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September 7, 2012
 

The Brass Heard ’round the World

Serbia’s Boban i Marko Markovic Orkestar Brings Its Dancefloor-Packing Best on Golden Horns

Boban Markovic and his son, prized protégé Marko, have managed the nigh-impossible: Leaping from a deeply rooted Roma (Gypsy) scene in Serbia, they have ignited hip club dancefloors, innovating effortlessly and integrating everything from jazz to disco in brilliant, organic ways. They sound authentic, yet utterly fresh.

Combining the absolute flexibility of Miles Davis and the cool funk of Herb Alpert, the Boban i Marko Markovic Orkestar has found the funkiest expression of their Southern Serbian Roma roots. Golden Horns offers the perfect summary of the Markovics’ stunning career, with tracks that reflect their dancefloor-friendly best.

Boban i Marko Karovic Orkestar on tour, February 2012

“As a DJ, I’ve had nearly twenty years to see the reaction Boban i Marko Markovic Orkestar get from the crowd,” explains album compiler and Balkan beatologist DJ Robert Soko (BalkanBeats). “Tracks like ‘Khelipe e cheasa,’ ‘Od Srca,’ and ‘Mundo Chochek’ simply kick ass. They get people dancing like crazy.”

Boban (right) and his prized protégé (and son) Marko Markovic

Now fans and new listeners can join the party with thirteen classic cuts, from the hard-hitting, almost Latin-inflected “Sljivovica” to an aching live version of “Ederlezi,” a deeply moving song beloved from Balkan bars to the silver screen (thanks to Emir Kustarica, who featured Boban in his groundbreaking film, Underground).

The greatest-hits collection features two swinging remixes by Soko (“Go Marko Go”) and by {dunkelbunt}, adding another layer to the already rich sonic heritage of the Markovics.

Markovic the elder, from the small town of Vladicin Han, burst onto the European music scene and became the spark that lit thousands of fires. After stunning performances on stage and on film, he became the inspiration for a vibrant scene that stretched around the world: DJs, musicians, and fans who became delightfully addicted to the intricate yet grooving sounds of Balkan brass.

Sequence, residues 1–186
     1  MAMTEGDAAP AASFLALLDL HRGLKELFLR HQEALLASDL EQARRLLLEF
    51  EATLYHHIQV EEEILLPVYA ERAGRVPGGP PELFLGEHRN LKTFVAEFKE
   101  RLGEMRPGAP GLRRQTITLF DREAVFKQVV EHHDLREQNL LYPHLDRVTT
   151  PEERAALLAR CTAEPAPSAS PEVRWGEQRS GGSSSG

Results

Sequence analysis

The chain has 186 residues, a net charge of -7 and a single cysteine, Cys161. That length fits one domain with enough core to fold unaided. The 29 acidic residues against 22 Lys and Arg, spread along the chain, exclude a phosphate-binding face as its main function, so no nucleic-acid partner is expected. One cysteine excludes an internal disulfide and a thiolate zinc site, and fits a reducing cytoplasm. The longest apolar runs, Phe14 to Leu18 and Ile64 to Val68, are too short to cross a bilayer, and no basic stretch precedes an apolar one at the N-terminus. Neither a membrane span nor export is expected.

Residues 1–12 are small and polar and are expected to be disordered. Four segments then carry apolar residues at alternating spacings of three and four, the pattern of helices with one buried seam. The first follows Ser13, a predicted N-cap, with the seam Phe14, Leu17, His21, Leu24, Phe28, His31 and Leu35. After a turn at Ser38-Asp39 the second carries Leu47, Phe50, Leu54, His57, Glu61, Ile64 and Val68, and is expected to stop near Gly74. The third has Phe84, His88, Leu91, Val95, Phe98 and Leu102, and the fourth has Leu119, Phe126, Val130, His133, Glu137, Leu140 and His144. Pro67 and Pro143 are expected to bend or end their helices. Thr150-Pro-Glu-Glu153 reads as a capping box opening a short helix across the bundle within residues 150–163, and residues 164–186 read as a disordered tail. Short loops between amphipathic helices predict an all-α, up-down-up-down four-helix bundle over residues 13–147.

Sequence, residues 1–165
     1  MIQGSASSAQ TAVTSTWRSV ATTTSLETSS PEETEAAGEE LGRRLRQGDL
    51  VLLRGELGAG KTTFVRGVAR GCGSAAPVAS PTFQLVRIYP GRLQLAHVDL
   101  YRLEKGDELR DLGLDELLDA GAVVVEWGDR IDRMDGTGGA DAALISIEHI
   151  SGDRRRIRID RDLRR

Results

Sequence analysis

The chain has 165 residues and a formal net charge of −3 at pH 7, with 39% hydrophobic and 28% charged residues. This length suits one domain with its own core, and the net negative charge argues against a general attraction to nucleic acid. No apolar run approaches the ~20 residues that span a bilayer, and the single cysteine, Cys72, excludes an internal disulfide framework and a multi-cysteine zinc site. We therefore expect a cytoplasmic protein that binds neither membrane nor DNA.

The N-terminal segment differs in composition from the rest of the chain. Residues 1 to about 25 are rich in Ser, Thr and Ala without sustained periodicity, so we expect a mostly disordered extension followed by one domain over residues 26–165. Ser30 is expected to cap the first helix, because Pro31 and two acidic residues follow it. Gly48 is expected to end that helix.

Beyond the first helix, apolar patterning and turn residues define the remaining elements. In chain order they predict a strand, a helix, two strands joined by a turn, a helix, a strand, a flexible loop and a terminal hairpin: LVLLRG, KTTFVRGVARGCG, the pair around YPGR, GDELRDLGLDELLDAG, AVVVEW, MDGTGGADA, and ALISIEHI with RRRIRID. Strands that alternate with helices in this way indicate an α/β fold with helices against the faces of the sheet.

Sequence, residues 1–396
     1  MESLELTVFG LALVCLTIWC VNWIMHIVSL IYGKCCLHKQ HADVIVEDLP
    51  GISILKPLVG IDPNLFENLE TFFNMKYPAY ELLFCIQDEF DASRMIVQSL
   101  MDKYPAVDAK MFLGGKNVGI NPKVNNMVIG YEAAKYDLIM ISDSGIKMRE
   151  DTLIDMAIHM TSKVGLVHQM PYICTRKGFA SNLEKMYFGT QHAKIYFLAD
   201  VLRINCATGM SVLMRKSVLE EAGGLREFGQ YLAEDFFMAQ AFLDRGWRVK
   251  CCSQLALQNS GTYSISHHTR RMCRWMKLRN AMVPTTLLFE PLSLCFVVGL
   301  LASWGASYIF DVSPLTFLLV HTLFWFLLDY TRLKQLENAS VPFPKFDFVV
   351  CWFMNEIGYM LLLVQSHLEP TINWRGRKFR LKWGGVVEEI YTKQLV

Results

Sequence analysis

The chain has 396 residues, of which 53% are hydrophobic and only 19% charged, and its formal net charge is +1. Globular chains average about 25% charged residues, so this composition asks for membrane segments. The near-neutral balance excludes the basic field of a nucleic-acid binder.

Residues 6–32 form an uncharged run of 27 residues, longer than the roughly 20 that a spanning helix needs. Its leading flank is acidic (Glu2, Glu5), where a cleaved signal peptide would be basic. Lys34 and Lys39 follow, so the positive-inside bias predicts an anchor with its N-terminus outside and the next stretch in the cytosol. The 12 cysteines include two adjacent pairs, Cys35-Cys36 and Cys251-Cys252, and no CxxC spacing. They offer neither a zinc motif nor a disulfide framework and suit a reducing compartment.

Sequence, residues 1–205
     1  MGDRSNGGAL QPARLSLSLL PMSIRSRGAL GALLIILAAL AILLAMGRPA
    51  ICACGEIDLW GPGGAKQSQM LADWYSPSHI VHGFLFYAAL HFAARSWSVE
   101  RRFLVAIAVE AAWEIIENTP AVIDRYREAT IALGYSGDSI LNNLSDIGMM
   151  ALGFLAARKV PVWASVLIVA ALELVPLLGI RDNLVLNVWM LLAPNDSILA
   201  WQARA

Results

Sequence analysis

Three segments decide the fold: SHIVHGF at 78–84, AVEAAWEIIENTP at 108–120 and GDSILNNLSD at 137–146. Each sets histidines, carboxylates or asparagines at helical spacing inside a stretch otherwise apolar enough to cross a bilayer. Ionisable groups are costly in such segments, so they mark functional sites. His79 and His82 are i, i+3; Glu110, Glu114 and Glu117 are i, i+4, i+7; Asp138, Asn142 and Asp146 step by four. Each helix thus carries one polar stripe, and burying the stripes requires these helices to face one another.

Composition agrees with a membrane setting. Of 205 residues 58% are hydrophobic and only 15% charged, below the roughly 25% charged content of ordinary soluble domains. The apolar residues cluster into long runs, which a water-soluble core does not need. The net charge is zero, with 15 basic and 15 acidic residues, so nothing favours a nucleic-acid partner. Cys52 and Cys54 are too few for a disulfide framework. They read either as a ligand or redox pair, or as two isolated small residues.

Far from resting on his laurels, Boban has built on his decades of experience by harnessing Marko’s youthful vibe-an energy sustained by marathon practice sessions and a lifetime spent with dad on stage. As a kid, Marko put in ten hours a day at home with his horn, a practice that drove Boban so crazy he finally insisted his son stand and deliver with the Orkestar. The determined, then fourteen-year-old Marko played so perfectly, he soon became a fixture in the group.

Barbo i Marko Markovic Orkestar, official video for ‘Sljivovica’

But Marko has done more than merely play along. Together, Boban and Marko Markovic are expanding the idioms of gypsy brass: Marko can rap with spot-on precision, and the Orkestar can hint at disco, salsa, or the wilder edges of jazz. All while keeping true to tradition: the lightning-fast melodies, driving rhythms, and exuberant transcendence of the greatest Balkan brass bands.

From the pulsing, lithe “Sina Nari” to the band’s wonderfully celebratory rendition of “Hava Nagila,” Golden Horns shows why Boban, Marko, and company have managed to make Balkan brass a whole new, hip genre from Vienna to Brooklyn, while still remaining true to the centuries-old sounds of generations of Romani musicians.

Boban i Marko Markovic Orkestar, ‘Disko Dzumbus’: ‘They are an authentic Serbian brass band who reinterpret traditional pieces and play their own compositions in a listenable, danceable manner.’

“They are an authentic Serbian brass band who reinterpret traditional pieces and play their own compositions in a listenable, danceable manner. They are just so good at conveying the beauty of Southeast European music, and making it palatable for Western audiences,” Soko reflects. “At the same time, they are constantly experimenting with other musical genres–jazz, soul, classical, or even disco–melting various elements together and producing a new sound of their own.”

Boban i Marko Markovic Orkestar’s Golden Horns is available at www.amazon.com

Courtesy our friends at World Music News Wire www.worldmusicwire.com